Editorial: The Escape of “El Chapo” Guzmán

Drug trafficking is a binational problem between the consumer—the United States—and the producer—Mexico
Editorial: The Escape of “El Chapo” Guzmán

The spectacular escape of Joaquín “El Chapo” Guzmán from a maximum-security prison in Mexico is an embarrassment for Enrique Peña Nieto’s government, whose reputation has been damaged by corruption and claims of human rights violations. Guzman’s jailbreak showed not only that the government is unable to hold on to its most important prisoner, but also that it can’t combat drug trafficking.

When Guzmán was captured in February of last year, Eduardo Medina Mora and Jesús Murillo Karam, who were at the time Mexico’s ambassador to the U.S. and Mexico’s attorney general, rejected the possibility of an expedited extradition. The arguments they used were national sovereignty and confidence in being able to keep him behind bars, despite his having escaped once.

Now a government that already had questionable credibility has become the butt of everyone’s jokes. The fact that public mockery has been the Mexican people’s main reaction instead of surprise highlights the administration’s poor image. It is unfortunate that the government’s lack of credibility is indirectly helping raise the stature of an assassin like El Chapo. Thanks to this second escape, he is becoming a legend.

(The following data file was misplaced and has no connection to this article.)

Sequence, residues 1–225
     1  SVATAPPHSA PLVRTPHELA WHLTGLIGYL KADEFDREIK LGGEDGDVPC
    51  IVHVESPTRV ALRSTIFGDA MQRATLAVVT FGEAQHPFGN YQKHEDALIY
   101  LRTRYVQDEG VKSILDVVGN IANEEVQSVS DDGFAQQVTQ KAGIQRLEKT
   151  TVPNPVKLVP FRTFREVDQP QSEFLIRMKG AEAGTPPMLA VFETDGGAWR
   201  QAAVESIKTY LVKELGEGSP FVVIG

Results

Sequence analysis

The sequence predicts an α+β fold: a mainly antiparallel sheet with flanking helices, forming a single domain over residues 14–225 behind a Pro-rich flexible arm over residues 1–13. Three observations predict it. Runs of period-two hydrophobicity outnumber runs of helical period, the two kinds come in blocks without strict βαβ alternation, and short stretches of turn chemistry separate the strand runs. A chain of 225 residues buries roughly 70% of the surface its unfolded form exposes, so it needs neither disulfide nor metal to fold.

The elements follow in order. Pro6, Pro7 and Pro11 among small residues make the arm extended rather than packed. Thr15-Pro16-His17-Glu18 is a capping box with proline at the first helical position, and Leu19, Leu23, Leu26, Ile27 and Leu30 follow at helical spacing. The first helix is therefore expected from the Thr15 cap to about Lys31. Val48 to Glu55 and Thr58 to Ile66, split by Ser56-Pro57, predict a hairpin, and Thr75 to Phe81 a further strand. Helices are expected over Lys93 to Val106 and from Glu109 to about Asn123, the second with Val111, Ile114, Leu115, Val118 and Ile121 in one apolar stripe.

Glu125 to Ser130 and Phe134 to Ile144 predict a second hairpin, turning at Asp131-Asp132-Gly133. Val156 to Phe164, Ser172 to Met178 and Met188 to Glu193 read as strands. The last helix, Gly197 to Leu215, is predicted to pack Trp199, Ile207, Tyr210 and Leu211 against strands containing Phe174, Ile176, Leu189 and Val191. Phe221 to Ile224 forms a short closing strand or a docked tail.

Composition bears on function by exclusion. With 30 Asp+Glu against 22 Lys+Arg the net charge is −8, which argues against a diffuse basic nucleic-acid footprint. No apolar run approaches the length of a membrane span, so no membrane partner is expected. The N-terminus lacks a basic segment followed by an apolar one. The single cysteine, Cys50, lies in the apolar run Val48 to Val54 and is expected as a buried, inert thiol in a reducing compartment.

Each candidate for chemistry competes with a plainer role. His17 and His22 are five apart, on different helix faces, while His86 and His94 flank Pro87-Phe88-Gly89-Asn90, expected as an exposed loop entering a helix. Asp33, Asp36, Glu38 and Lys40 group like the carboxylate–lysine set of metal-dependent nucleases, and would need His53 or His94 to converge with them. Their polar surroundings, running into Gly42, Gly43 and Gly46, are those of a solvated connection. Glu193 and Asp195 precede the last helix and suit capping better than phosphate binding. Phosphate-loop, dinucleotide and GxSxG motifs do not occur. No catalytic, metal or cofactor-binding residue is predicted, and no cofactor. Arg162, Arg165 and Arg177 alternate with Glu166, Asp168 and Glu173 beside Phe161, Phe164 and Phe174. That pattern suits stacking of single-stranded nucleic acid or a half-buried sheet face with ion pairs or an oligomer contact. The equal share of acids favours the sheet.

Drug trafficking is a binational problem between the consumer—the United States—and the producer—Mexico. Because of a lack of trust and sovereignty matters, the relationship between U.S. and Mexican antidrug efforts leaves much to be desired. Closer cooperation is a must. If there is multinational crime that two countries are fighting against, there should also be multinational justice based on extradition.

The figure of El Chapo as “the boss of bosses” has become gigantic. But the reality is that hierarchies in drug trafficking make it so no one is indispensable. It doesn’t seem like El Chapo’s arrest stopped the activities of the Sinaloa Cartel or the network of businesspeople and banks needed for its criminal operations. Drug trafficking is much more complex than an individual, no matter if he is the boss.

Mexico can’t fight the war on drugs on its own. There is cooperation with the United States, but not enough to have a serious impact. In the meantime, both El Chapo’s escape and the release of Rafael Caro Quintero are already part of Peña Nieto’s legacy.